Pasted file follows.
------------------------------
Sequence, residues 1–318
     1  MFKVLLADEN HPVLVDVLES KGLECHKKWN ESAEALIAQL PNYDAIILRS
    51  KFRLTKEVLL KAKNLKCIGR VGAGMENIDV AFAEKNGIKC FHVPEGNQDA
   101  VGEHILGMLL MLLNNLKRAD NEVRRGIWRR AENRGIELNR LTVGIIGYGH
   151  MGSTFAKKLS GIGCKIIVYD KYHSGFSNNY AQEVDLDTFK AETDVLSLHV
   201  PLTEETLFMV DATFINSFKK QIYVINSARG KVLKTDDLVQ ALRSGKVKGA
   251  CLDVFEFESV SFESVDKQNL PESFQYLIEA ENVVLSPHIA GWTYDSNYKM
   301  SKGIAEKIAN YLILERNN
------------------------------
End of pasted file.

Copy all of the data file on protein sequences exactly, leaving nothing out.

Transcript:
Sequence, residues 1–318
     1  MFKVLLADEN HPVLVDVLES KGLECHKKWN ESAEALIAQL PNYDAIILRS
    51  KFRLTKEVLL KAKNLKCIGR VGAGMENIDV AFAEKNGIKC FHVPEGNQDA
   101  VGEHILGMLL MLLNNLKRAD NEVRRGIWRR AENRGIELNR LTVGIIGYGH
   151  MGSTFAKKLS GIGCKIIVYD KYHSGFSNNY AQEVDLDTFK AETDVLSLHV
   201  PLTEETLFMV DATFINSFKK QIYVINSARG KVLKTDDLVQ ALRSGKVKGA
   251  CLDVFEFESV SFESVDKQNL PESFQYLIEA ENVVLSPHIA GWTYDSNYKM
   301  SKGIAEKIAN YLILERNN